(A limit of 1,500 milligrams is recommended for African Americans, anyone middle-aged or older and those with high blood pressure and other health problems - groups particularly sensitive to salt's influence on blood pressure.)
Results of the study, published in the New England Journal of Medicine in 2001, were dramatic, says Eva Obarzanek, a registered dietitian and research nutritionist with the National Heart, Lung, and Blood Institute and a coauthor of the study.
"It showed in a stepwise fashion that if you reduce sodium, you reduce blood pressure," she says.
Specifically, switching from a regular, high-sodium diet to a low-sodium (1,500-milligram) DASH diet resulted in a blood pressure dip of 8.9/4.5 points. That's about the same reduction achieved by blood pressure medication, Obarzanek says, and it often takes two or three drugs to get similar results.
How salt raises BP
Chemically known as NaCl, salt crystals have two parts: sodium and chlorine, which break apart when put into liquid. The chlorine component doesn't do much, but sodium is an essential nutrient that helps keep our hearts beating, nerves firing and body fluids at healthy levels.
When it comes to blood pressure, consuming extra sodium causes the body to retain fluids and boost blood volume to maintain an optimal concentration of sodium in the bloodstream. The heart then has to work extra hard to squeeze all that extra blood through veins and arteries, and blood pressure rises as a result.
The Salt Institute, a trade group in Alexandria, Va., does not think that salt is guilty of everything it's blamed for. "People don't know the whole story," says Morton Satin, a molecular biologist and director of technical and regulatory affairs for the institute. "There are so many questions left to answer."
Dr. Michael Alderman, professor of medicine at the Albert Einstein College of Medicine in New York, is also unconvinced of the danger of salt for most people. "The body has a mechanism of maintaining normal blood pressure over a wide range of sodium intakes," he says. "It's a wonderful system."
Only in people whose kidneys aren't working properly, Alderman says, does excess sodium lead to a rise in blood pressure. Sensitivity to salt, he says, affects just 25% to 30% of people.
But for the majority of health experts, the data linking salt to hypertension are strong enough to recommend that everyone start cutting salt intake - now. Even if salt raises blood pressure in only some of us - and the concept of salt sensitivity remains controversial - there is no reliable way to determine who those people are, Obarzanek says. (For a more detailed discussion of the science of salt, go to latimes.com/health.)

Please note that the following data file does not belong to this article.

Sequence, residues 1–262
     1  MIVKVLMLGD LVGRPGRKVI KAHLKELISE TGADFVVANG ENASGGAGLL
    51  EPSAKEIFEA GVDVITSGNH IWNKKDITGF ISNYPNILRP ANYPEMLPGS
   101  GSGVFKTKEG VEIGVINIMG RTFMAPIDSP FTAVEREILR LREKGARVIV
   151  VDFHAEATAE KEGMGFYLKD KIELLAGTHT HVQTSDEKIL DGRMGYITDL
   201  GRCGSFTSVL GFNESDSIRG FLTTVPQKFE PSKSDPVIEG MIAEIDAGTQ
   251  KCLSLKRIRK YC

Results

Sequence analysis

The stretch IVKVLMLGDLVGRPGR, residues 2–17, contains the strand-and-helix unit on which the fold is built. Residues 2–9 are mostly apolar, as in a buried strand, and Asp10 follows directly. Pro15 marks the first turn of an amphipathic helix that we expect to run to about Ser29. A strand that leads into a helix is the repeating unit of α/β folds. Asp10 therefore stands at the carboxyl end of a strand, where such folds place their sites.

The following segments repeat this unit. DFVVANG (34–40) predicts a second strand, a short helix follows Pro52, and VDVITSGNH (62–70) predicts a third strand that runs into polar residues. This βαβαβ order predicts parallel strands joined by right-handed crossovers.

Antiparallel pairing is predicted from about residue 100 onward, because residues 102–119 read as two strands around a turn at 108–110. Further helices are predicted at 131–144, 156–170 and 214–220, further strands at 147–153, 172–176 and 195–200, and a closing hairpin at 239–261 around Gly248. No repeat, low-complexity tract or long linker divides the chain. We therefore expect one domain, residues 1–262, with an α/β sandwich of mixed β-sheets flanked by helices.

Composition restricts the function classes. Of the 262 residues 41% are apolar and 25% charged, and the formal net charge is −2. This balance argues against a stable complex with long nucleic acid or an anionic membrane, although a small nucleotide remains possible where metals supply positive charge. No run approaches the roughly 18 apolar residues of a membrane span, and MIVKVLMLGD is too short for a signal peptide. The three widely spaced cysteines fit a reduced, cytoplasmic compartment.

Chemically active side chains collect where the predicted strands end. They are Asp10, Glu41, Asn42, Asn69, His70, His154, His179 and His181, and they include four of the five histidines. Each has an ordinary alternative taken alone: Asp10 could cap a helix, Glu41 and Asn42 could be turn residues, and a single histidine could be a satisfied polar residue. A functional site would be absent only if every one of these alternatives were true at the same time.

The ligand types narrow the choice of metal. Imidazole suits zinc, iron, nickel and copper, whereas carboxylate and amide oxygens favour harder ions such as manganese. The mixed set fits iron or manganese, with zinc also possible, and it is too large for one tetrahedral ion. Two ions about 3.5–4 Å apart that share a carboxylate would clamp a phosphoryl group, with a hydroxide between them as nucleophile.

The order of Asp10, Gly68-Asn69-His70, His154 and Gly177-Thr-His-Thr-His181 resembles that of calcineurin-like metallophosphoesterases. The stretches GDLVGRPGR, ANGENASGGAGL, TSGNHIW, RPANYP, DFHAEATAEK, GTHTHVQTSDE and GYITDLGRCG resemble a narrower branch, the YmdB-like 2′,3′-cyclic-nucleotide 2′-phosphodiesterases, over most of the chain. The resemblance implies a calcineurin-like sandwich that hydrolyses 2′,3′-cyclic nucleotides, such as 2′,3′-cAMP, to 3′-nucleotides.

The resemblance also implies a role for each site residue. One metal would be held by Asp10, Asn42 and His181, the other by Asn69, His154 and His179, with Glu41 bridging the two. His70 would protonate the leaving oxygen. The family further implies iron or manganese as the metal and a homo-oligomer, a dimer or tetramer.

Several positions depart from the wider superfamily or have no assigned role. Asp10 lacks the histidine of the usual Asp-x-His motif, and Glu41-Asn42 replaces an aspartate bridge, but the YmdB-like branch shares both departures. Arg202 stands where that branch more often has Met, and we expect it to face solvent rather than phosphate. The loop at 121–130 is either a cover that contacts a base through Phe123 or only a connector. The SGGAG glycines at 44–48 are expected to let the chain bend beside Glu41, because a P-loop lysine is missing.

The question, most health experts say, is not if we should lower our salt intake, but how. It's a tough question to answer because salt is a tough habit to break. Because the human body needs salt to survive, we appear to be born with a powerful desire for it. Studies show that infants as young as 4 months old prefer sodium-enriched formula. (Recent studies also show that even kids experience a blood pressure rise when they eat more salt.)
Hooked on salt?
And when people are given increasing amounts of salt, they rapidly develop a preference for it - the saltier the better, says Gary Beauchamp, director of the Monell Chemical Senses Center in Philadelphia. It only takes a couple of weeks to ramp up the salty tooth, he says, even for people from cultures that have traditionally eaten a low-sodium diet.
Getting used to less salt, on the other hand, often takes up to three months, Beauchamp's research shows, and the process can be unpleasant. When you're used to eating regular potato chips, sauces and fast foods, low-sodium or sodium-free foods can taste like cardboard at first.
"In almost all the studies I know that reduce salt abruptly, people were very miserable," Beauchamp says. "In our studies, it is easier to go up than to go down."
But, he adds, "People can change," and studies suggest that maintaining that change is possible - albeit not easy, because salt is so abundant and passes unnoticed in so many of our processed foods. "I would say in our society, it requires constant vigilance."
Changing our eating habits also requires willpower and motivation, which most of us don't necessarily have in abundance when it comes to salt. Surveys show that Americans just aren't that concerned about sodium, says Michael Jacobson, executive director of the Center for Science in the Public Interest, a consumer advocacy group.